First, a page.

Friday, 8 April 2011

More illness = Good practice

I have had my attention drawn to this remarkable document distributed to all GP practices in London:

An Introduction to a Pan London Approach to Improve Quality, Access and Patient Experience in General Practice

It includes all manner of cunning wheezes to improve General Practice in London. On particular piece of genius includes using predicted* versus the actual GP reported prevalence of various diseases as "an indicator of general practice performance":
Organisations in the top quartile ranking within London are examples of good practice. Monitoring, intervention and support would be required for those organisations within the bottom quartile ranking in London. Monitoring and support would be beneficial for those organisations within the mid quartiles within London.
That's right. If you are fortunate enough to have a population with a lower than predicted rate of an illness then you will be judged to be an example of bad practice and failing. But if you happen to have higher rates of illness for some reason, then well done you, you're an example of "good practice"!

Now I'm no epidemiologist but population level models like this cannot be used to accurately predict the prevalence of disease at a local level** - to tell you what the real burden of disease is that those crappy GPs are failing to detect. A five variable* regression model does not capture all the variation in human disease however much you want it to. The tail is wagging the dog here.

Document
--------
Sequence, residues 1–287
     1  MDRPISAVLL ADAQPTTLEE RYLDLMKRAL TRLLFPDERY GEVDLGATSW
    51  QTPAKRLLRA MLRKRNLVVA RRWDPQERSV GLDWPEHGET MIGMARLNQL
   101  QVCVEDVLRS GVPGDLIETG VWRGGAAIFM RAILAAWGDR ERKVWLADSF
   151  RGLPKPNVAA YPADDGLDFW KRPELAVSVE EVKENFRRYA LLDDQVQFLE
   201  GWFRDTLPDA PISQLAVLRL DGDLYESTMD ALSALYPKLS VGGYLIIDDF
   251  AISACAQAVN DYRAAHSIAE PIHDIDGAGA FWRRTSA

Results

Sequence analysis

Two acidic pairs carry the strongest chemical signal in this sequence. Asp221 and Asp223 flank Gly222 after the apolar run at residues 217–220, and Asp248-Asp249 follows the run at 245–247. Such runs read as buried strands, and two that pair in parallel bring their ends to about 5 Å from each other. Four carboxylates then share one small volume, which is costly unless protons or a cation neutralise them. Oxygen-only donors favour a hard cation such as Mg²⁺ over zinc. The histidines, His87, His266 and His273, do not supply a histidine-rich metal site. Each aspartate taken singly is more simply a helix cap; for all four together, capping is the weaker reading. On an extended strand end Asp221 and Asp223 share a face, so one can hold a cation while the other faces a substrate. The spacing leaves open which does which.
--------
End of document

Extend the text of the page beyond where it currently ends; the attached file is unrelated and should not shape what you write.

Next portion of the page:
* "Expected prevalence data are derived using expected prevalence rates provided by ERPHO which take account of age, sex, ethnicity, smoking status and deprivation score at practice level."

** They are based, of course, on taking all that local level data and then finding a best fit line between all the real data points - you can't then go back and say that those data points that don't lie on the line are now wrong. What kind of statistically illiterate fool came up with this idea?

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